- Sesame Seeds– little plastic containers of sesame seeds are expensive! Buy sesame seeds for pennies, then blend it up with oil to make homemade tahini! Tahini is great in sauces and is the most expensive ingredient used to make hummus. Making it yourself with sesame seeds bought in the bulk section will make eating healthy much more affordable!
- Dry Beans– Beans are the least expensive source of protein. Buying lots in bulk encourages you to eat them more often. Throw pinto beans in the crockpot with water, onions, peppers and some seasonings and at the end of the day mash them up into refried beans to make your own healthy burritos!
- Dry Snack Mixes– Nuts, trail mixes, and dried fruits and veggies can all be bought in the bulk section. Check the ingredients, but most of the time you’ll find there are less additives than in the packaged alternatives.
- Popcorn Kernels– popcorn is a low-calorie snack, but between butter, salt, and the harmful effects of the microwave, it’s best to skip the bags and buy unpopped kernels in bulk. Cook them in your favorite cooking oil and add your own low sodium seasonings for a custom, healthy snack!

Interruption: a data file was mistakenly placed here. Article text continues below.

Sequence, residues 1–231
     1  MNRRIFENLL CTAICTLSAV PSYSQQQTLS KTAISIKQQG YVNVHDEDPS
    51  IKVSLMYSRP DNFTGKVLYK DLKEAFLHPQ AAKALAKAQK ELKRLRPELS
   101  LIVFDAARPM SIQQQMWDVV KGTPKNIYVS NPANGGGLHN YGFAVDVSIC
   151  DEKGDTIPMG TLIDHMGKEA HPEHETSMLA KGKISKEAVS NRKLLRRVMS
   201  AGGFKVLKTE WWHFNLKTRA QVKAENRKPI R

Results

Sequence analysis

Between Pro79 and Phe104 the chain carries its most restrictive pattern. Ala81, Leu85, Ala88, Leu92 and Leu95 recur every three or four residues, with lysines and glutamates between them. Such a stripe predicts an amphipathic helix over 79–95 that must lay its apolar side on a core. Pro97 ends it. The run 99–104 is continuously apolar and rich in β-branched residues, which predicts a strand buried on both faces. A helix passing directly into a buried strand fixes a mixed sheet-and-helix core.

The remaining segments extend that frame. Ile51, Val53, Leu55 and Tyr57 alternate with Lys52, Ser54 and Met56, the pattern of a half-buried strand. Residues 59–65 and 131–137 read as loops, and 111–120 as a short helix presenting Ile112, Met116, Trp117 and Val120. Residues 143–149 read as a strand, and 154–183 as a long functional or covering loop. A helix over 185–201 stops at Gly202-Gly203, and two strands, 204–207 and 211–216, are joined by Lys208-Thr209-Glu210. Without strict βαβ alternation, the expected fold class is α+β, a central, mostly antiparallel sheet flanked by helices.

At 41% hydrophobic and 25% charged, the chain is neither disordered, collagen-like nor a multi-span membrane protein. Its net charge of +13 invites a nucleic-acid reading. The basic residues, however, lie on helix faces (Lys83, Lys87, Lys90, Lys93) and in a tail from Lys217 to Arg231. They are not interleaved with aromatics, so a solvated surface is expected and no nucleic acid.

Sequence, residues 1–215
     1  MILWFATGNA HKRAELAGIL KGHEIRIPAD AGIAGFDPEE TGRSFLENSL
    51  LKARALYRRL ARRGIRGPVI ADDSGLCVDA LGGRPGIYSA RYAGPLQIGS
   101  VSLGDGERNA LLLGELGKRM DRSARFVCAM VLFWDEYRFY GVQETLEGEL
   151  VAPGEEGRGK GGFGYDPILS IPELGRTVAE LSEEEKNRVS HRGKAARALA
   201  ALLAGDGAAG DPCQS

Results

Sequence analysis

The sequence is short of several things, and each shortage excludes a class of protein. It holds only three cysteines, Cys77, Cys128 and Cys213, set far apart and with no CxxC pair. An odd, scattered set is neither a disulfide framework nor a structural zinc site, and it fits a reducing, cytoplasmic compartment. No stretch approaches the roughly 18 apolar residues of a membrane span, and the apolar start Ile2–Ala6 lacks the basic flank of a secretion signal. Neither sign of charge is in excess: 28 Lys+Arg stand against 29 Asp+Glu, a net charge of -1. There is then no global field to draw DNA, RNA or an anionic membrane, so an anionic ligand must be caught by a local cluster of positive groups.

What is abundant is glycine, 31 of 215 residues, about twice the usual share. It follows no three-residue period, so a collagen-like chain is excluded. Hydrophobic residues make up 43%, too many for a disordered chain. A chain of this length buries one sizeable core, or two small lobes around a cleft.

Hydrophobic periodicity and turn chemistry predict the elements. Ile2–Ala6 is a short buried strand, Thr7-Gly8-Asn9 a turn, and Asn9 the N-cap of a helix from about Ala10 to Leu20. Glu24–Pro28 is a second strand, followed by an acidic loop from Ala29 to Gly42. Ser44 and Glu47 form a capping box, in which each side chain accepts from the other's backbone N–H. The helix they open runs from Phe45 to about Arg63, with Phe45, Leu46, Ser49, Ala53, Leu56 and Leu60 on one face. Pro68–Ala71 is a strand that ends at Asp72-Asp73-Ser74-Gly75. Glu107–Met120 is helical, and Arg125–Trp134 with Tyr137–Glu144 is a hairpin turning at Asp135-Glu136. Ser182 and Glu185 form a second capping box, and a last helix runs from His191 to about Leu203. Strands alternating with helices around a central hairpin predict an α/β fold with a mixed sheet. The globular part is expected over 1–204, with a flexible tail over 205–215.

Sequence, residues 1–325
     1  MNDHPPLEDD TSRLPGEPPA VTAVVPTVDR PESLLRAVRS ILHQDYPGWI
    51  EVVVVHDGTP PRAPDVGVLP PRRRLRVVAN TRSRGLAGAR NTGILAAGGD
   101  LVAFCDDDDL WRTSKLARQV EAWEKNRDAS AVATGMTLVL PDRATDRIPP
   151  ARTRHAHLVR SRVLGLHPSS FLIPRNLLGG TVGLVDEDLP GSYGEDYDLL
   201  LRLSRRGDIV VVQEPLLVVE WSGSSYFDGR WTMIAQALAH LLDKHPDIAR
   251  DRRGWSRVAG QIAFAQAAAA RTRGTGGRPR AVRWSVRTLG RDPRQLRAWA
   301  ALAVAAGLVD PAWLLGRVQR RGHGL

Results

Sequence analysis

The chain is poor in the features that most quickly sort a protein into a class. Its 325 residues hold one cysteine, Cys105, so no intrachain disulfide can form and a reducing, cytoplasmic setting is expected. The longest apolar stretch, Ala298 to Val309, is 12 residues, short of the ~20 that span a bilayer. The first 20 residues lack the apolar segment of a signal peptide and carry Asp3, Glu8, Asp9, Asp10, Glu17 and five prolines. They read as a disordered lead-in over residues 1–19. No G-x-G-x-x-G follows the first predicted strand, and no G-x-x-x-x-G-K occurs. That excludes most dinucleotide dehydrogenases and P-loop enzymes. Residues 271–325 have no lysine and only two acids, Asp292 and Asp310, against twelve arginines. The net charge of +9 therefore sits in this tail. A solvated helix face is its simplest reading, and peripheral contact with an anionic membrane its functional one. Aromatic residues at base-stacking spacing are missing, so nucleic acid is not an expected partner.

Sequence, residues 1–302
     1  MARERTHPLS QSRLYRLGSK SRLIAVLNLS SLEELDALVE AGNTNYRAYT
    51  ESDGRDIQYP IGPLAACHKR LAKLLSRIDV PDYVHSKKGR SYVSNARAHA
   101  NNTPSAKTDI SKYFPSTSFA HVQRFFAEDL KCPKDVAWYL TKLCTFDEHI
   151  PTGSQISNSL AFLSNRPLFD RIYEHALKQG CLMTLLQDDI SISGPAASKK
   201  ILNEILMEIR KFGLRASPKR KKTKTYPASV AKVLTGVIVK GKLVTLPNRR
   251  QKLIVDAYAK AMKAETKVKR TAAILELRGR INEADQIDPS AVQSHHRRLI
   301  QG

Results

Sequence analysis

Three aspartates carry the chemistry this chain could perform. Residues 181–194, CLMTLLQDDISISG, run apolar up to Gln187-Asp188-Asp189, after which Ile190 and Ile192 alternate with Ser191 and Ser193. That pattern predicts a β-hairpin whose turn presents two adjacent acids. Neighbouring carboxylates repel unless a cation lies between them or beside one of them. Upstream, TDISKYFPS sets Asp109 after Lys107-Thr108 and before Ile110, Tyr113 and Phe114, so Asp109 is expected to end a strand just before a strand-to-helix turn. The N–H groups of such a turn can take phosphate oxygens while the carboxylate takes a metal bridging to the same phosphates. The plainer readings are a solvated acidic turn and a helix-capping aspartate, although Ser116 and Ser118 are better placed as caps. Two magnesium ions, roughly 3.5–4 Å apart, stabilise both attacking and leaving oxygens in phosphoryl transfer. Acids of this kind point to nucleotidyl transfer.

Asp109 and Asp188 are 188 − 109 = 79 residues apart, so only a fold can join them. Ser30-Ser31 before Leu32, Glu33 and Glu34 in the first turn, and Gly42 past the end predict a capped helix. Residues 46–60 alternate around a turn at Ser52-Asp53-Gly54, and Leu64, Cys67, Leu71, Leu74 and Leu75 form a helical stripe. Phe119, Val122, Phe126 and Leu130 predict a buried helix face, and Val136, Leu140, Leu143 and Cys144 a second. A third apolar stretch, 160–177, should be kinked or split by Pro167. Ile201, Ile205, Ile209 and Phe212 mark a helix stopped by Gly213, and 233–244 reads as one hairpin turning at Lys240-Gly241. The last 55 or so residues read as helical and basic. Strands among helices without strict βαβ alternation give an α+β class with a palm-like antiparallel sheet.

- Yogurt– The probiotics in yogurt are vital for strengthening your immune system. Of course, stick with yogurts without added sugars- the less processed the better. If you buy a big tub, you have a week’s worth of cost-effective, healthy breakfasts and snacks!
- Cottage Cheese– If you’re not lactose intolerant, cottage cheese is a great source of calcium and other nutrients. Add an avocado and there’s an energizing, filling breakfast!
- Eggs– Eggs aren’t dairy, but they’re sold in the dairy section. High in protein, eggs make a great breakfast or snack. I prepare eight hard-boiled eggs every Sunday and snack on them throughout the week.
With everything at the grocery store, you’ll want to check labels and make sure that products meet your standards for being healthily and sustainably raised. Buying straight from producers often results in better quality, but it’s not always affordable. The above tips can help you navigate the grocery store for the healthiest foods at the lowest prices.
- National Price Averages: http://www.mymoneyblog.com/cheapest-vegetables.html